Business & Economy

Amazon reigns supreme during pandemic, but faces criticism over worker safety

By Marc Arcas

San Francisco, Apr 15 (efe-epa).- Inc.’s sales volume has jumped and its share price has climbed to record levels as traditional brick-and-mortar retailers struggle to stay afloat amid coronavirus-triggered lockdowns, but the e-commerce and technology giant also is facing a public relations backlash amid criticism about its workplace safety measures during the pandemic.

With much of the United States population under stay-at-home orders aimed at halting the spread of Covid-19, the Seattle-based multinational is experiencing a bump in traffic typically seen only at Christmas season and may emerge stronger than ever after the crisis has passed.

While Amazon already had a stranglehold on the e-commerce market prior to the pandemic, it has further bolstered its position over the past few weeks and hired 175,000 new workers in the US alone.

“It’s important to figure out if this is a surge in demand, or just a shift in which channel is preferred for the same, or even reduced, demand,” William Harris, an e-commerce expert and founder of growth marketing agency Elumynt.

A definitive picture of the future retail landscape will have to wait until the health emergency has subsided and the stores reopen.

But even as Amazon wields its competitive advantages during the crisis it also is facing complaints from workers who say the company is neglecting their health, as well as enhanced scrutiny from regulators concerned the company’s increased market share could further encourage monopolistic tendencies.

On Tuesday, while the company was trading at a record high of more than $2,200 per share on Wall Street, the news that it had fired two tech workers for complaining about a lack of coronavirus protective measures caused a public relations headache.

Amazon said those Seattle-based employees had “repeatedly” violated its internal policies by going public with their criticisms, but other workers also have been dismissed for complaining about working conditions or organizing protests.

These actions, and the fact that coronavirus cases have been confirmed in at least 74 warehouses and other Amazon facilities in the US, led several lawmakers to send a letter to the company demanding explanations and prompted New York City Mayor Bill de Blasio to order an investigation into the firing of a worker who organized a strike at its warehouse on Staten Island.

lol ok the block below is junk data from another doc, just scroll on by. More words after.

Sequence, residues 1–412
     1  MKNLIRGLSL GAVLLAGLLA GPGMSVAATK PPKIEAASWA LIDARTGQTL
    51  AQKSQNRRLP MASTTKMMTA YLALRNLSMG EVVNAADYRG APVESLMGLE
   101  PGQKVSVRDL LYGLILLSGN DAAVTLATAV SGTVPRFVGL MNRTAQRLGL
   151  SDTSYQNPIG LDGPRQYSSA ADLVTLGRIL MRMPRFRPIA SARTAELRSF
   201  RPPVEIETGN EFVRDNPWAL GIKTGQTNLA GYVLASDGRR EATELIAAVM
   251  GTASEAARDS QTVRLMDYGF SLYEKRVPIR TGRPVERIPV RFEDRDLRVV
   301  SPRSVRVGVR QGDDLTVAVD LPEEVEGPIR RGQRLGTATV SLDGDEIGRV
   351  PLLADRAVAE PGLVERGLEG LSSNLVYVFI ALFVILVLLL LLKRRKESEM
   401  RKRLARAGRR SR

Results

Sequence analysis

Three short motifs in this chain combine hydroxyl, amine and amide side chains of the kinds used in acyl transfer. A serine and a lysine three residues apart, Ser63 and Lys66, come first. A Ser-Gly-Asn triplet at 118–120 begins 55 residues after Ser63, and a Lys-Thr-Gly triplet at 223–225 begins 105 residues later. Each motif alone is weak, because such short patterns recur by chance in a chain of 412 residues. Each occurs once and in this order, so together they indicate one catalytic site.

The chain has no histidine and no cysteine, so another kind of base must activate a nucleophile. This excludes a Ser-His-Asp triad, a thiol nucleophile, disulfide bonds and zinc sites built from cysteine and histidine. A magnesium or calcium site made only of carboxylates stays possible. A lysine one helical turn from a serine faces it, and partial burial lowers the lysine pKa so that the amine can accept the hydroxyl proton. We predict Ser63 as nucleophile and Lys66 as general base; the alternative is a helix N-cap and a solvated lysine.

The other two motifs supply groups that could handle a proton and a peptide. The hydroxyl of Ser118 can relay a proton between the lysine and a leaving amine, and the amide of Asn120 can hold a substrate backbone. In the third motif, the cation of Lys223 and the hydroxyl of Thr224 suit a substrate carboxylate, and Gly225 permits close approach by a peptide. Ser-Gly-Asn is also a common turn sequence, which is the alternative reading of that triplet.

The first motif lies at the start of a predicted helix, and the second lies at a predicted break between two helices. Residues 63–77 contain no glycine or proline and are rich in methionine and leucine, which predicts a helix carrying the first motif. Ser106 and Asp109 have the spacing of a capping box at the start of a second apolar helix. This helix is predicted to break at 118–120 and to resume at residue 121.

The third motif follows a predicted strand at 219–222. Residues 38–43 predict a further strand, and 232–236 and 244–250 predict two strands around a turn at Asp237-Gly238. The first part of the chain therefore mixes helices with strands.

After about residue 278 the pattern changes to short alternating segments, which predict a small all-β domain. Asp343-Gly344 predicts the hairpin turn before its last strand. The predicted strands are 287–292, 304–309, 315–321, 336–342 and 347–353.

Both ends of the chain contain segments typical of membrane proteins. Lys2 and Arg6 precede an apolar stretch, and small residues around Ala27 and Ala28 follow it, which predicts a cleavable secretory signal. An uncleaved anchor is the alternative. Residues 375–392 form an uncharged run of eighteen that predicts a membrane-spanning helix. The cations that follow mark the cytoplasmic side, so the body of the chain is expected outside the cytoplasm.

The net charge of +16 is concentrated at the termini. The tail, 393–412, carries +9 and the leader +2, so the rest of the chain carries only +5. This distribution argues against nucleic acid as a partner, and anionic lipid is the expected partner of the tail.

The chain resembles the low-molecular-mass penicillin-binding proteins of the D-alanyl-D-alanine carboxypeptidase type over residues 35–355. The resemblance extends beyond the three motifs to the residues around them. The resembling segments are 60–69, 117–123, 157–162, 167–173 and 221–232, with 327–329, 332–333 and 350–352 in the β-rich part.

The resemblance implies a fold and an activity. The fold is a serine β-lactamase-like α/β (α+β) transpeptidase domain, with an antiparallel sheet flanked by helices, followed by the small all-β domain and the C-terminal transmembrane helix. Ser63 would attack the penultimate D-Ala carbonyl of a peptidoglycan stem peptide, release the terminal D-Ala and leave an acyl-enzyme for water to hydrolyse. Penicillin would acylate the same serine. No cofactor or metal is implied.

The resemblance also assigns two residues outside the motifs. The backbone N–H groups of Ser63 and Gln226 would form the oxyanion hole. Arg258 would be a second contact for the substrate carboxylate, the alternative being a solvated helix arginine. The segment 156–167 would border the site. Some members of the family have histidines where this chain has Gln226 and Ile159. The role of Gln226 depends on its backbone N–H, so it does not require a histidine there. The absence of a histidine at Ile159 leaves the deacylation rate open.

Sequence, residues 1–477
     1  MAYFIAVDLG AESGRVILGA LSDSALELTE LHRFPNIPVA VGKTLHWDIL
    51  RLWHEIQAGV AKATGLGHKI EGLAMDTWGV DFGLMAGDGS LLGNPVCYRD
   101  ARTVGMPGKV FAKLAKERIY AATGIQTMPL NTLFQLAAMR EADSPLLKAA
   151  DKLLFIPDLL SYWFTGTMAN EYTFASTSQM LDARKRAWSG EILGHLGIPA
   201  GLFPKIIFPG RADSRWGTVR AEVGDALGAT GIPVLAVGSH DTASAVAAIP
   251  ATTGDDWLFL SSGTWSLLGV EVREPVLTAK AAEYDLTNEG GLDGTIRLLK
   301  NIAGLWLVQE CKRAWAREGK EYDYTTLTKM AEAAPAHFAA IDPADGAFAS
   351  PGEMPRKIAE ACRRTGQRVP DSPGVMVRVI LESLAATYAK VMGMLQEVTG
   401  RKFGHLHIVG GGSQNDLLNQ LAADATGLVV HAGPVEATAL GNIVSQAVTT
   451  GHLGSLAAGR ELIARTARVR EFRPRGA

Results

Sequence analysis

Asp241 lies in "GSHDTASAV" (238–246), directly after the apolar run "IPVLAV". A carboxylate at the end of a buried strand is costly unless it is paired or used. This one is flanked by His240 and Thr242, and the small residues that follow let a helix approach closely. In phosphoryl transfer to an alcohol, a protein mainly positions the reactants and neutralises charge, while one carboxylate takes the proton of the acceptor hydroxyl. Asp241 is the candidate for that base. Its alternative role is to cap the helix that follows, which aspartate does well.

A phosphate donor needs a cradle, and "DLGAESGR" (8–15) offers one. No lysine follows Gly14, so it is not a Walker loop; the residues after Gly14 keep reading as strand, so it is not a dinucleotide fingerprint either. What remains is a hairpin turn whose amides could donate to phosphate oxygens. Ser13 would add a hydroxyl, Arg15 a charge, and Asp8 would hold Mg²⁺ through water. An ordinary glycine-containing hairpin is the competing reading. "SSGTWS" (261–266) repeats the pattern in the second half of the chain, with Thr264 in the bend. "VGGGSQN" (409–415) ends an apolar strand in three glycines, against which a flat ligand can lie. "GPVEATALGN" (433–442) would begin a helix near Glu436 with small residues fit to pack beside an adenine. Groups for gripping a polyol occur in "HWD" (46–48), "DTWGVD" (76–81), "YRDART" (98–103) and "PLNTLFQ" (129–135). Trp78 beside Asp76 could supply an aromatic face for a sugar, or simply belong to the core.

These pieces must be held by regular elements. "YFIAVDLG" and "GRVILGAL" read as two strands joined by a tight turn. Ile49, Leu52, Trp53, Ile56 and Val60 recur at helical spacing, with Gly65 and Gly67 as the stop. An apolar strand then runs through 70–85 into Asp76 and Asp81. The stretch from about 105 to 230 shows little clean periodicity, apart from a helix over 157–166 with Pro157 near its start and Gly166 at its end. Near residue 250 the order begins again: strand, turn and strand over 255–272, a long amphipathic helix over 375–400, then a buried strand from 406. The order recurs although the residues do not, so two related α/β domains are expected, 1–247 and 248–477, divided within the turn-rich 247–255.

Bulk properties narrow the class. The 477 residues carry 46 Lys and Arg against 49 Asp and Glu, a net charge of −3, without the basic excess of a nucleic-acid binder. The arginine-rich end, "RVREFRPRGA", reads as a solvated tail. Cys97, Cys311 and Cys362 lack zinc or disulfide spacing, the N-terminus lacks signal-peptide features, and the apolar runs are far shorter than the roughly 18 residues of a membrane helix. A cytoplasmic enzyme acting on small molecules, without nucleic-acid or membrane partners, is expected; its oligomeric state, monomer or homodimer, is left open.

Recent concerns about worker safety amid the coronavirus are in addition to previous allegations of monopolistic practices by Amazon, which has been the target of several investigations in the US.

Amazon’s share of the American e-commerce market is roughly 40 percent, a level that far outpaces rivals such as Walmart and Apple that sell a more limited range of products.

And it is now further consolidating its dominance due to the Covid-19 pandemic and, according to financial news network CNBC, using that strength to substantially lower the commission it pays to so-called “Amazon Associates” (members of an advertising affiliate program – including online publishers like The New York Times – that advertise and link to Amazon products in exchange for a percentage of the sales).

Harris, however, does not believe Amazon will be the lone beneficiary of the crisis among e-commerce companies, noting that the fact the multinational is so big “creates opportunities for smaller, niche stars to emerge.”



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